I have a brown thumb, so I grow mine one stitch at a time. Here are the pieces awaiting assembly. At a quick glance, you can see the pink pieces appear to have seam allowances that are too small. If any parts are going to end up in difficulty, these are the pieces you’d predict. You’ll soon see that wasn’t the case.
Assembly in progress~~
The top and bottom pieces stitched together…
At this stage of assembly, the boy and I agreed it looked like a Chain Chomp from Super Mario World. You might also be able to see that in addition to interface, I lined each piece with quilt batting. I had two reasons for this. First, I came across the idea on this blog while looking for photos of other stitchers’ completed balls. That post’s pictures didn’t load for me, ironically. I was intrigued by the recommendation to use batting. I’ve never had the experience with lumpy fiberfill she mentioned, but that seemed a good reason to try it. My second reason for using the batting is that I love this project so much, I wanted to prolong the experience. Eventually, though, it was finished…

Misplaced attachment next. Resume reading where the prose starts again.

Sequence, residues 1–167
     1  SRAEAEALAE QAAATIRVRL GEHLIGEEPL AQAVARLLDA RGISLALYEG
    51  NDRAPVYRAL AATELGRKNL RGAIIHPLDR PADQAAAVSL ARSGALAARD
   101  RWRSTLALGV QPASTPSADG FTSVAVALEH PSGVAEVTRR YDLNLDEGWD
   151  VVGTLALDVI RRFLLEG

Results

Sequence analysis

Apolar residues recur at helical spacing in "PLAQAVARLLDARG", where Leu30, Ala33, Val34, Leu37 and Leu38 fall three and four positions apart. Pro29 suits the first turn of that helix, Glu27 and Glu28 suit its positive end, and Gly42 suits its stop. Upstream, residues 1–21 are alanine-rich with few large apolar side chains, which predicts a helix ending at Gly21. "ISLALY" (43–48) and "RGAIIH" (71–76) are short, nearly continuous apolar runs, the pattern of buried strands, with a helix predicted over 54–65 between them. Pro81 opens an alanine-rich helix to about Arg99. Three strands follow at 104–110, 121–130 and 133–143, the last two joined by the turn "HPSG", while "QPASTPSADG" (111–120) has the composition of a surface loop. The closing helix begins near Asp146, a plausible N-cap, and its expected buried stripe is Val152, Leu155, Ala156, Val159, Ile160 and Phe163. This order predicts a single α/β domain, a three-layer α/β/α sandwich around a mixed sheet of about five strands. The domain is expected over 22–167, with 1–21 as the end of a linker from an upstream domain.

I love it. There are a few wonky things “wrong” with it. But I love this piece so completely, I don’t even care. That’s so uncharacteristic of me. Here’s the wonkiest part~~
I’m not sure how/why that happened. That’s the white fabric, which puzzlingly, had the largest seam allowances of all of the linen colors. It’s DMC brand. It had the loosest weave and was the stiffest fabric I used. The stiffness was nice for finger pressing, but something went wrong with the stuffing. I chalk it up to the loose weave. I would ordinarily flip out over this. But Fray Check is my friend, the ball is safe and I am wabi-sabi about the whole thing. As I said, uncharacteristic. Love is blind.